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Archive for February, 2018

Poet of Many Parts

Book Review
The Light and Dark in our Stuff
by Mere Taito (MT Productions)
Reviewed by Vaughan Rapatahana

mere-taito-poems_coverThis small (30pp) and beautifully presented book is Mere Taito’s inspired/inspiring first collection of poetry. The poems are lively, well crafted, the poet unafraid to call a spade a spade, to present stark differences between black and white.
There is considerable accent on body and bodily functions throughout the 10 poems within (5 x ‘dark’; 5 x ‘light’). Indeed, the very first saturnine poem, Bad Charity, regales the reader with bones, tears, frameless selves, skeleton, fractures – all in nine lines. The next poem, The Lost Art of Kissing a Government, delves further into the corpus both literally, and figuratively, as Taito refers to mouths (x 3), lips, teeth, tonsils, forked tongues, eyes, screams. Here she eviscerates not only governments, but also we who no longer chew up at and spit out legislators and administrators, and merely suck up to them.

So it goes in these dark (p)ages, for the very next schism-making poem Building Code, further references cavity-riddled human molars, skeleton, tibia, hair, cartilage, dislocated human spine, clammy hands – whereby humanity is deconstructed metaphorically and devolved physically – by humans.

Conflict Minerals furthers the depiction of human greed – here over tantalum – and the concomitant desperate sounds of hungry men; while the strongly worded This Charmed Life forces further the division, here between bucolic and bitumen, as angry villagers in Rotuma – the poet’s turangawaewae – confront the situation, whereby

a black tar-seal road

slithers into a village like a hungry boa

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A History Lesson for Silicon Valley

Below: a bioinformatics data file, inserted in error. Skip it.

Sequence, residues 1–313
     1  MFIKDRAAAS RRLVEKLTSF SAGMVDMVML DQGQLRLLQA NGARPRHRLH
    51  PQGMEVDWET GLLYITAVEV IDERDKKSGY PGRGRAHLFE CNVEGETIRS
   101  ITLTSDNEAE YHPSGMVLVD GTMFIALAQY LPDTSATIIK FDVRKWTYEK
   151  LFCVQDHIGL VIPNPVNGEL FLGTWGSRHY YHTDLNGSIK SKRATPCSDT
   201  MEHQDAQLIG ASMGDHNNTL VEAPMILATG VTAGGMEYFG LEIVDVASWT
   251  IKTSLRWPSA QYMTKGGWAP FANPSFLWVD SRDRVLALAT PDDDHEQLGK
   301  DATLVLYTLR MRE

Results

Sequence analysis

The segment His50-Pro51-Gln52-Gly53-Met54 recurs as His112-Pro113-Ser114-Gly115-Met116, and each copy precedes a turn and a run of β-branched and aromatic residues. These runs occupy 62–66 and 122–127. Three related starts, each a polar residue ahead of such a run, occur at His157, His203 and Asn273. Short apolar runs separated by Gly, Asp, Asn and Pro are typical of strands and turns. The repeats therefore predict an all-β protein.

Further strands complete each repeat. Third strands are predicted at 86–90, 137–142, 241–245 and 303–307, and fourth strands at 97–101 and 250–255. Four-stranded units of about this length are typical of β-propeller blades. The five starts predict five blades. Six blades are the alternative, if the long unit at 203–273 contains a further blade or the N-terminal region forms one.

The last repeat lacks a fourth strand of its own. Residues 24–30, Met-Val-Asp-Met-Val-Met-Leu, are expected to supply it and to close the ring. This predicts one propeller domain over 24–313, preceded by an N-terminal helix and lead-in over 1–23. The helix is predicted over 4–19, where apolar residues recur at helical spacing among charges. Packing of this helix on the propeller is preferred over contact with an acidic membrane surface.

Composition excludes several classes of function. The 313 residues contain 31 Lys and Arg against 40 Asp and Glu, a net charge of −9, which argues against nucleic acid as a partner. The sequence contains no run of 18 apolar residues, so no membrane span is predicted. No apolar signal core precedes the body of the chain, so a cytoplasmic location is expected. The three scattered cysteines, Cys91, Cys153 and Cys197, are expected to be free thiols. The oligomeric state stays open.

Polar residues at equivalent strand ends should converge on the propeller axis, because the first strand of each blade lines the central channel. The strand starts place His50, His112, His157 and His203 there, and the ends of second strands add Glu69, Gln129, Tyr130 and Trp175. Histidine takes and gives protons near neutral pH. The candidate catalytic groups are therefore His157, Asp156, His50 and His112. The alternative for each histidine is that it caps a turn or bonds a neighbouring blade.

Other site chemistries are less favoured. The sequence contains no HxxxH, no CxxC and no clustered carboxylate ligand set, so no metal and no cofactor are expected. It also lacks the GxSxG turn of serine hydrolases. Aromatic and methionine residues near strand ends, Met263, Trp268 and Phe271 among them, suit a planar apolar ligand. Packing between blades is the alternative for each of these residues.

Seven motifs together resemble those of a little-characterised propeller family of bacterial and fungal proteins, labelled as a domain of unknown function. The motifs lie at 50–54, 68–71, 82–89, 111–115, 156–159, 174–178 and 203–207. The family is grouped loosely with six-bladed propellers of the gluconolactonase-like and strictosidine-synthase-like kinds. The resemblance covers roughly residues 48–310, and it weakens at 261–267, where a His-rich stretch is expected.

Book Review
The Square and the Tower: Networks, hierarchies and the struggle for global power by Niall Ferguson (Allen Lane, $40)
Reviewed by Alex Beattie

book-cover-raw2017 was a turning point for how the world saw Facebook. Last year the social media giant was accused of spreading fake news, rigging the U.S. Election and Brexit vote, and gluing people to their screens. It was a tough year for Facebook and CEO Mark Zuckerberg. It leads you to wonder what his New Year’s resolution was. Be a better global citizen?

Niall Ferguson thinks it should have been a history lesson. In his new book The Square and the Tower: Networks, Hierarchies, and the Struggle for Global Power, he argues we live in tumultuous times, largely because of powerful networks like Facebook. And if Zuckerberg and the rest of the Silicon Valley learned a bit of history, the world may be a little more certain and stable.

Connect the dots for history lovers

The Square and the Tower is an ambitious book, which bizarrely reminded me of the puzzle connect the dots. Yes, that’s right – I’ve just compared premier historian Niall Ferguson’s latest book to a juvenile game where the sole purpose is to connect dots to complete a happy picture, like a smiling triceratops, posing superhero, or fluffy bunny. Stay with me on this one.

Credit: Casey Sams

Credit: Casey Sams

The Square and the Tower is connect the dots for history lovers. But here the dots are key historical groups (such as the Rothschild family) or figures (like Winston Churchill) and by connecting them together, Ferguson draws a big picture of how societies have been disrupted in unexpected ways. In his words:

[This book] proposes a new historical narrative, in which major changes – dating back to the Age of Discovery and the Reformation, if not earlier – can be understood, in essence, as disruptive challenges posed to established hierarchies by networks.

Ferguson argues that historians have given nation states and other hierarchical organisations too much credit for shaping the world. While empires like Great Britain and Spain colonised large parts of the world in their image, no ruler ever ordered the Enlightenment, or the French and American Revolutions. Networks caused these periods of turmoil, and Ferguson dedicates most of The Square and the Tower to describing this in detail.

Credit: Stan Pines

Credit: Stan Pines

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